Both my maternal and paternal grandmothers rocked in old wooden rocking chairs, and I clearly remember swinging back and forth on the old metal glider behind Mama Cole’s house. She had placed the glider near the back of the house where the afternoon shade gave us some relief from the hot Georgia sun and where we could observe her beautiful garden growing. It was there that I learned the basic facts of life and that she loved me with an unconditional and undying love.
One thing I remember vividly about Mama Cole is that she never hesitated to answer any question my busy little mind could come up with at the time. And I thought that she thought it was important to have detailed conversations with me just as long as I wanted to talk. We moved gently back and forth as we carried on these in-depth discussions that I still remember to this day. How my heart longs to have just 15 minutes more of those nearly perfect times in my life. And I’d love to be able to eat something gathered from that beautiful garden right there on the glider as we talked.
So, I suppose it is fair to say I inherited my love of movement and that I have had a nice, big swing in each of the homes I have had as an adult. Ted built me a wonderful, big swing that he hung carefully on the back deck of the beach house. He made the swing as a birthday gift for me one year and called me while I was still working in the office to show it to me in a phone photo he had taken. Only one thing was wrong, and I noticed it right away. He was lying down, full-length in the swing overlooking the Gulf, and he is 6-foot-2, so I knew right away that the swing was not to be just mine alone. Ike got that swing, but this past year, he spent hours in the workshop and built me another one on my new porch. It is also big enough for him to lie down and rest comfortably.
We sit out there in the swing many early evenings and discuss our day and the days to come. The grandkids all love their turn on the swing and often snuggle up between the two of us or with whichever is there for the time. We have the long, deep conversations I remember from my youth.
I also have rockers all throughout my house. I have a small green one, kind of plush and soft, in the office and when I am tired of typing, I take a break in my very own chair. I told the salesman when I bought it that I wanted it for a short person. He laughed and asked what that might mean. “I don’t want my legs to stick straight out when I sit down,” I explained. “Since I am barely 5 feet tall, I want a short chair.” He found the perfect one and I enjoy it greatly. In the living room, I have a nice new rocker that Ted says “floats in the air.” Neither of us really knows exactly how the chair is made, but it does seem to float both backward and forward as in rocking, but also from left to right and at angles. I fear it will break one day, and I will be very sad. I am also very cautious as to who I let sit in that chair.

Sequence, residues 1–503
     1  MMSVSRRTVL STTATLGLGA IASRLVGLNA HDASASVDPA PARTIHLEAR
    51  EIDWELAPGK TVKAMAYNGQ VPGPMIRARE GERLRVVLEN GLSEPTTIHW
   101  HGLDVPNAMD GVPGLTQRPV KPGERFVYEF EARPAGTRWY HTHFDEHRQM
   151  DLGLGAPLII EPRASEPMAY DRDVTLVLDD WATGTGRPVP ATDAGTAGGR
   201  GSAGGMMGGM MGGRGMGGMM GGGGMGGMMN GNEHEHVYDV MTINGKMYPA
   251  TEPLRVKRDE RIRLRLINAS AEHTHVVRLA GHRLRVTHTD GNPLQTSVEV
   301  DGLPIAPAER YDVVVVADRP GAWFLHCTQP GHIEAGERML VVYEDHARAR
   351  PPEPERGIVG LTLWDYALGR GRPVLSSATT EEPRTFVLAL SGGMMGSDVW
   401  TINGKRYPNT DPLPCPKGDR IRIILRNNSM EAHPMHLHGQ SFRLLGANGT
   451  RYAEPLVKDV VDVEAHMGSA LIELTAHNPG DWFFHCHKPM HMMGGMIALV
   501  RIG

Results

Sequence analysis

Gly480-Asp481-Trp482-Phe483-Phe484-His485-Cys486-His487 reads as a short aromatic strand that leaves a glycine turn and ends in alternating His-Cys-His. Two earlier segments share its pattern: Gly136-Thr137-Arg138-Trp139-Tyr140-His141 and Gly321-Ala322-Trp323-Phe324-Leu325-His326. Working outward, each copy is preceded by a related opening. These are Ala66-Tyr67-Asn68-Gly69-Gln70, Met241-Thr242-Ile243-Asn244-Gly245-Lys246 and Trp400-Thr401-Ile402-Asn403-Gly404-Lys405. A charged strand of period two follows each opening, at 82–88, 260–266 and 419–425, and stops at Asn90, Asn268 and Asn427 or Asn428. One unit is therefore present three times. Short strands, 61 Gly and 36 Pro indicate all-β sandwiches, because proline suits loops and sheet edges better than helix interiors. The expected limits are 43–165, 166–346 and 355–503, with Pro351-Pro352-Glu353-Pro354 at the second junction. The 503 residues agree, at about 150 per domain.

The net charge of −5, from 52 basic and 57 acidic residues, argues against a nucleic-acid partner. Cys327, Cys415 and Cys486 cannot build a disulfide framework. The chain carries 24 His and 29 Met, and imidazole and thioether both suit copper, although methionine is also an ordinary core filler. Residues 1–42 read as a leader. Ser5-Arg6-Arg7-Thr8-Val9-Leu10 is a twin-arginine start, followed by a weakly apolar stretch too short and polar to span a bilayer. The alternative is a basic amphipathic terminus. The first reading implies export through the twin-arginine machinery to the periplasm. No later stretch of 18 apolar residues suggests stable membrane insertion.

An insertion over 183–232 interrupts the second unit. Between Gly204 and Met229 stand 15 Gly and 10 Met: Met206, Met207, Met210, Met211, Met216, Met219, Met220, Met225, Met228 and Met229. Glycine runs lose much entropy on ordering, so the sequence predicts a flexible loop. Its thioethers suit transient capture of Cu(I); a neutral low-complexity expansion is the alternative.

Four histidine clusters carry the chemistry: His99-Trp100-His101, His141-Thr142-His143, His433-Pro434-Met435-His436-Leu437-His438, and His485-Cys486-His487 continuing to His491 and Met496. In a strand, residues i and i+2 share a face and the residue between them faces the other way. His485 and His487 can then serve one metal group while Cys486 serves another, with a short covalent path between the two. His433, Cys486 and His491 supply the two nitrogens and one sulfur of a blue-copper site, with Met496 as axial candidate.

My bedroom holds the special treasure. In that room of our house, I have the one and only thing left of my Mama Cole’s. I have her treasured old, small, platform rocker. My mother had it recovered in soft brown leather and it was in Georgia when Hurricane Ike took everything else I had of hers. After mother died, I brought that one item home with me to keep. I said that it is all I had left of my grandmother who reared me, but that is not entirely true, and I realized it recently.
I still have the many lessons she taught while we rocked or swung gently, I have the insights she shared, and hopefully, some of her abundant love and wisdom. I have the wonderful memories, and no storm can take those from me.
Jesus felt that rest and relaxation were important for Him told His disciples; in Mark 6:31, he said, “Come ye apart and rest for a while.” We should each determine a place we enjoy being, where we can come apart and rest from the busy day’s activities. We all need a quiet place where we can find serenity and peace. For me, it is in one of my rockers or my swing, if I am not on the beach or some body of water.
Recently, I found an interesting article titled, “Rockers are happier and have less stress.” I read every word of the article — twice. The author had done extensive surveys, compiled data, and was convinced that people who rocked for some minutes every day were happier and filled with less stress and anxiety. Basically, they rocked it out of their lives.
My Mama Cole knew that many years ago, and I have been practicing it every day of my life both subconsciously and consciously, so for all of you who have ever told me to be still, forget it. I plan to be a hard rocker until I die. Now turn that music up and let me be.